Fluorinated greenhouse gases 2013


Courtesy of European Environment Agency (EEA)

Aggregated data reported by companies on the production, import and export of fluorinated greenhouse gases in the European Union.

Background and policy

The greenhouse gases (GHGs) covered by the UNFCCC Kyoto Protocol include three groups of fluorinated GHGs (the so-called 'F-gases'): hydrofluorocarbons (HFCs), perfluorocarbons (PFCs) and sulphur hexafluoride (SF6). These F-gases have a high to very high global warming potential (GWP). 

Many F-gases are used as replacements for ozone-depleting substances, in the context of their phase-out promoted by the Montreal Protocol and Regulation (EC) No 1005/2009 (1) on ozone depleting substances. Accordingly, the use of F-gases is increasing in many different applications and thus has a considerable growth potential. F-gases accounted for approximately 2 % of EU-27 overall GHG emissions in 2012 (2), and this share has been on the increase since the1990s.

The EU-15 had a target under the UNFCCC Kyoto Protocol to reduce the whole basket of GHGs — including F-gases — by 8 % by 2012. To comply with this target, the European Climate Change Programme (ECCP) identified cost-effective measures. One of these proposed measures resulted in Regulation (EC) No 842/2006 (the 'old' F-Gas Regulation) (3). Following a review of the adequacy of the 'old' F-Gas Regulation, and in the context of the Roadmap for moving to a low-carbon economy in Europe in 2050 (4), a revision of the 'old' F-Gas Regulation was adopted by the European Parliament and the European Council in 2014 (5) (the 'new' F-Gas Regulation, Regulation (EU) No 517/2014). The 'new' F-Gas Regulation aims to reduce EU F-gas emissions by two thirds of the 2010 level by 2030.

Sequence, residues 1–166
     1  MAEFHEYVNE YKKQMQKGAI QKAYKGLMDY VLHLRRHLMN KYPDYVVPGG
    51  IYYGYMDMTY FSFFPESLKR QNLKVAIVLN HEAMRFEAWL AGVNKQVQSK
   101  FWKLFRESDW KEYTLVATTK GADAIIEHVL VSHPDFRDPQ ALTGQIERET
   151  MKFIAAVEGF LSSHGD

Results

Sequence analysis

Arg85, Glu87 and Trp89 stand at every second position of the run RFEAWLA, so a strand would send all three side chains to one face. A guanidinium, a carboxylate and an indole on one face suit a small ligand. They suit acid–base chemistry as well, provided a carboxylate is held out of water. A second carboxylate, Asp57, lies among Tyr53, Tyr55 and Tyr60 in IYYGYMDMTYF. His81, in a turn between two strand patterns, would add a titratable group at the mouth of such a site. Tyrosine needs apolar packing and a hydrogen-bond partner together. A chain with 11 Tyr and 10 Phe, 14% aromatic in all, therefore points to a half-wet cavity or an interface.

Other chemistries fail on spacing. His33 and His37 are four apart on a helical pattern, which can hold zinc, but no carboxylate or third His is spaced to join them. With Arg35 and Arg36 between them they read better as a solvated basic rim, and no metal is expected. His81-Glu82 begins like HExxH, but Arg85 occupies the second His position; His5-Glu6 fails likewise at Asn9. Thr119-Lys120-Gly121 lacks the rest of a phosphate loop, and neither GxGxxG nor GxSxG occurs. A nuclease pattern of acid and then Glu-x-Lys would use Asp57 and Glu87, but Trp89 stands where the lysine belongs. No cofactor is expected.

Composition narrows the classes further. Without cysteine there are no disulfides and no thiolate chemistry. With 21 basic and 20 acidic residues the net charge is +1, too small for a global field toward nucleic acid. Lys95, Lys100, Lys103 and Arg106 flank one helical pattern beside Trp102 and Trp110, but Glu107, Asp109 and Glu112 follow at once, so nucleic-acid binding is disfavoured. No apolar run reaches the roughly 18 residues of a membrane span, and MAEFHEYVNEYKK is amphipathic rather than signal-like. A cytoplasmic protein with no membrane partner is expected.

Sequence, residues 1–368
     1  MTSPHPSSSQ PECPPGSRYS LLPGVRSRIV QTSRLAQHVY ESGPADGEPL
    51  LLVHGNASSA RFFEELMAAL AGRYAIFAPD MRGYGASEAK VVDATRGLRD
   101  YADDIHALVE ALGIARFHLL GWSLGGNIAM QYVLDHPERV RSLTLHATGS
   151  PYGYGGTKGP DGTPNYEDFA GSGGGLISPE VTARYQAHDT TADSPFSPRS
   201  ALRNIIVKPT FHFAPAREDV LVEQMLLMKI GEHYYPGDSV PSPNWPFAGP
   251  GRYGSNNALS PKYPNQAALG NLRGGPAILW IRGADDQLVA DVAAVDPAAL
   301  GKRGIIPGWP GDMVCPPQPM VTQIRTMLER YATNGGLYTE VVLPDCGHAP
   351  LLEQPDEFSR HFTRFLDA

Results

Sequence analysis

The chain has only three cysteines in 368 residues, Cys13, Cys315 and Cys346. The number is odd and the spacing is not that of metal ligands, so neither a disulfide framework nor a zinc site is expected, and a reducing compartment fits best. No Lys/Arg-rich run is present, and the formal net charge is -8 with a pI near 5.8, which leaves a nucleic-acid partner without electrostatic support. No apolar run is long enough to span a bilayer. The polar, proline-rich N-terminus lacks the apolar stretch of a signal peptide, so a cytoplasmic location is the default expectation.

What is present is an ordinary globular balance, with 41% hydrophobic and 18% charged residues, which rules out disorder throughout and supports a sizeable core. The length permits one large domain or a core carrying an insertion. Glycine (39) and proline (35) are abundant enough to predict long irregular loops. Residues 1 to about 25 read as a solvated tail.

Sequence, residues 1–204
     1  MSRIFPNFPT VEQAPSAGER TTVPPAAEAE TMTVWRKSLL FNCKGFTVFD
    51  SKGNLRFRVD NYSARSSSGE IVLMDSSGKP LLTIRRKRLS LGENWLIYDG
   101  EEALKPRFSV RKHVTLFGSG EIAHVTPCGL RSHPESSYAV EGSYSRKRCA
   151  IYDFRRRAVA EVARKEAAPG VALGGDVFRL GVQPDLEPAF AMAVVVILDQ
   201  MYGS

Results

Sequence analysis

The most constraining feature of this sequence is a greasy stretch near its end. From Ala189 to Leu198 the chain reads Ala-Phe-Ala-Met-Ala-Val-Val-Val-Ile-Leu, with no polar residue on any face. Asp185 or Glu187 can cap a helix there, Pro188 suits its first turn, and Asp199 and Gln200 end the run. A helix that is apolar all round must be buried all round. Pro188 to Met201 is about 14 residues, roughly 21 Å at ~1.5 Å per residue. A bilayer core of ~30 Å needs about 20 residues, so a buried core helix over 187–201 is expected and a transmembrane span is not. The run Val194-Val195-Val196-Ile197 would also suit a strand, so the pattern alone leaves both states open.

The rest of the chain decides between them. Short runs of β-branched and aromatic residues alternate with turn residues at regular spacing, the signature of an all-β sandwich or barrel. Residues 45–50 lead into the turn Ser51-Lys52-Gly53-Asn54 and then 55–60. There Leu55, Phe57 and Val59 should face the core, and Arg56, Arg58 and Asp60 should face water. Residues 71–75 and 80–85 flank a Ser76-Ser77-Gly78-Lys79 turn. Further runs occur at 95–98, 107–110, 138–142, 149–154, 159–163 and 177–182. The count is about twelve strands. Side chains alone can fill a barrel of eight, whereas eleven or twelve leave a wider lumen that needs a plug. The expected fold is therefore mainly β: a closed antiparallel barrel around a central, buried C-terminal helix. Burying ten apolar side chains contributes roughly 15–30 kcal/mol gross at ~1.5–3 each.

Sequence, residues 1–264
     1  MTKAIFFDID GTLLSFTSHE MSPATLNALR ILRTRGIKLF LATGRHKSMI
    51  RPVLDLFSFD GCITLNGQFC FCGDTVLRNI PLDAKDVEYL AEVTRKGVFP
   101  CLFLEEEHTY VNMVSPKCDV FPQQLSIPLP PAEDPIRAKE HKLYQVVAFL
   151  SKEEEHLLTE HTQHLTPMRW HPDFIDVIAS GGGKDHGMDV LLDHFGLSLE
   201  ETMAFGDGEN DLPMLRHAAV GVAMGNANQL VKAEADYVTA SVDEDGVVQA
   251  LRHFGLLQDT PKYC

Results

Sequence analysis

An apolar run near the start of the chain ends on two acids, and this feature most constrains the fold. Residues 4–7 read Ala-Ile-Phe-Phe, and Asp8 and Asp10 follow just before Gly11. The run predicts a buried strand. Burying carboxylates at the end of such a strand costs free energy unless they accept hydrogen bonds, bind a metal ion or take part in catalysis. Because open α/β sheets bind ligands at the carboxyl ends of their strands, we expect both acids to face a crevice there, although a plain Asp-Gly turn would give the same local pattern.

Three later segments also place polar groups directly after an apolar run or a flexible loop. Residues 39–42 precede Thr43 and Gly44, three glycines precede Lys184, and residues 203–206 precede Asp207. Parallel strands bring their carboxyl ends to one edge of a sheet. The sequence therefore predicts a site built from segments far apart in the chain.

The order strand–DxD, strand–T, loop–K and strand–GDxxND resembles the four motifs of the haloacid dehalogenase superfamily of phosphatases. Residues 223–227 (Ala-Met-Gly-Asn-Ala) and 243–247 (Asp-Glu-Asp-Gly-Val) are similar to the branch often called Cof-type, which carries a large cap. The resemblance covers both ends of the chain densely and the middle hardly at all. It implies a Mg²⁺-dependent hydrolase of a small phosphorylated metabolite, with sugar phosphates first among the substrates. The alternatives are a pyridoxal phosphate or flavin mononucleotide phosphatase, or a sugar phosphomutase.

The 'new' F-Gas Regulation 517/2014 maintains many measures of the 'old' F-Gas Regulation 842/2006, in particular related to leak prevention, recovery, certification of technicians and selected restrictions on the use and marketing of F-gases. However, additional large reductions in F-gas use and emissions are on one hand expected from a novel measure, the 'phase down', which will progressively cap allowed sales of HFCs on the EU market. The new Regulation also introduced a number of new bans of F-gases with a high Global Warming Potential (GWP) in specific sectors. 

Reporting under the 'new' F-Gas Regulation will only happen as of from 2015 onwards and thus the present report only summarises the data reported by companies according to Article 6 of the 'old' F-Gas Regulation. This report includes information on the quantities produced, imported and exported, as well as related data such as the net supply to the market and main intended applications of the F-gases. Imports and exports of F-gases contained  in products and equipment are not covered by this reporting obligation.

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